Skin cancer is one of the most common types of cancer, and in some parts of the world, it is becoming increasingly more common. Most skin cancers are not life-threatening, but one particular type called malignant melanoma is known to be quite deadly. If malignant melanoma is not detected early, it can spread beneath the surface of the skin to lymph nodes, bones, the lungs, and the brain.
Malignant melanoma is sometimes referred to as a “silent killer” because the spread of the cancerous cells happens out of sight, and symptoms might not appear before it has become metastatic. Metastatic melanoma has a 5-year survival rate of approximately 10%. However, if the malignant melanoma is detected early, the 5-year survival rate increases to approximately 95%. In other words, detecting melanoma as early as possible is crucial to saving lives.
Correctly identifying malignant melanoma in vivo at an early stage is difficult for anyone who is not an expert in the field of dermatology. Recently, a new approach to detecting and classifying skin cancer has been explored. Instead of conventional digital images using measurements from the red, green, and blue regions of the light spectrum, some research groups have explored the use of hyperspectral images to tackle the skin cancer challenge.
Hyperspectral images are created using contiguous spectral sampling across an entire range of the light spectrum, often within and beyond the visible range. Researchers from UiT, The Arctic University of Tromsø, and The University of Las Palmas de Gran Canaria have recently explored the state-of-the-art in the application of hyperspectral imaging for melanoma detection in a manuscript published in WIREs Computational Statistics. Their review suggests that the infrared region of the light spectrum is capable of capturing increased hemoglobin levels and that the ultraviolet region is capable of capturing increased water retention in cells. Both events are known to be biological indicators associated with cancer.
Rich information like this is not readily available to a dermatologist when using image-based diagnostics with conventional digital images captured using a so-called dermoscopic camera system. These specialized camera systems allow a dermatologist to capture high-resolution digital images of a skin lesion or mole, typically in conjunction with a glass contact surface used to flatten the skin region. The dermoscopic images are then used as part of the diagnostic procedure.
Because the images are captured using conventional digital camera sensors, the information is limited to the human-visible light spectrum and the surface of the skin lesion or mole. However, the information in a hyperspectral image also originates from regions outside the human-visible light spectrum, and some of the measured light also originates from beneath the surface of the skin. The authors suggest that giving medical doctors access to more abundant information afforded by hyperspectral images, in conjunction with specialized computer-assisted diagnostic systems, should improve their capability of detecting skin cancer at an early stage.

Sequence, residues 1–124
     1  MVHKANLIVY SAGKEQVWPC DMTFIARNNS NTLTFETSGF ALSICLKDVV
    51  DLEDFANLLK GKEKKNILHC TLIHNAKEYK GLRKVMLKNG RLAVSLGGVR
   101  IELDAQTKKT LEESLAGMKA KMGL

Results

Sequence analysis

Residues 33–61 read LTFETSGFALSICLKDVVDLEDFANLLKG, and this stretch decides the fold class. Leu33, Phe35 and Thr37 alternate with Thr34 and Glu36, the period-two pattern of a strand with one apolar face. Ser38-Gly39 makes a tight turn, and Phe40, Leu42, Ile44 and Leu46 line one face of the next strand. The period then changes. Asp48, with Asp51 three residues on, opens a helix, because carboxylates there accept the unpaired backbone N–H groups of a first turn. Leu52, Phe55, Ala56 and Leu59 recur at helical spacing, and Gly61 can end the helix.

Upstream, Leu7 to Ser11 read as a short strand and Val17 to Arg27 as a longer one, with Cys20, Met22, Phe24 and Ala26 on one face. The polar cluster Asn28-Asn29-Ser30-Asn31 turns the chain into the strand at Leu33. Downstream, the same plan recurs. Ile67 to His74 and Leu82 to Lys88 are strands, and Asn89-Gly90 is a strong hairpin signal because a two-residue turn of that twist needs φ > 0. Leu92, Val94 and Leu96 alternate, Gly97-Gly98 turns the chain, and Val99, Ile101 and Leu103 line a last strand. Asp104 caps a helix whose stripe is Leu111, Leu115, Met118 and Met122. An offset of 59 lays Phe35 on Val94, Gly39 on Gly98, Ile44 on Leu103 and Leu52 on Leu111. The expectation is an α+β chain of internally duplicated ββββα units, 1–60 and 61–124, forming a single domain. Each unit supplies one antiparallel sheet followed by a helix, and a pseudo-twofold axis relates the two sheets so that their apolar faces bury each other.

Furthermore, it should be possible to develop artificial intelligence systems capable of detecting and classifying skin cancer using hyperspectral images. Two of the significant obstacles are the lack of standardized equipment and image acquisition procedures. First, there is currently a wide range of hyperspectral imaging systems available, albeit extremely few, that have both been designed and approved for dermatological applications. Second, the different systems operate in different regions of the light spectrum, varying in spectral and spatial resolution, and having different approaches to image acquisition. These differences make it challenging to collate image datasets, develop standard algorithms, and compare published results.
Recent studies towards using hyperspectral images to catch skin cancer as early as possible are promising. However, many open questions remain, and several key challenges must be dealt with accordingly in order to make substantial headway towards significant improvements to current manual and semi-automated diagnostic procedures of skin cancer.
Tackling these challenges is crucial since detecting and correctly classifying skin cancer as early as possible is vital to saving human lives. There are also substantial socio-economic costs associated with misclassifying a benign skin lesion or mole because all suspected skin cancers are surgically removed and diagnosed by a pathologist. This process puts a burden on the medical system and drastically affects its cost efficiency. Finally, the classification and surgical removal of suspected skin cancer can be traumatic to the patient, both physically and mentally; therefore, it is essential to reduce misclassification rates.
Written by: Thomas Haugland Johansen, Kajsa Møllersen, Samuel Ortega, Himar Fabelo, Gustavo M. Callico and Fred Godtliebsen
Reference: T. H. Johansen, et. al. ‘Recent advances in hyperspectral imaging for melanoma detection.’ WIREs Computational Statistics (2020). DOI: 10.1002/wics.1465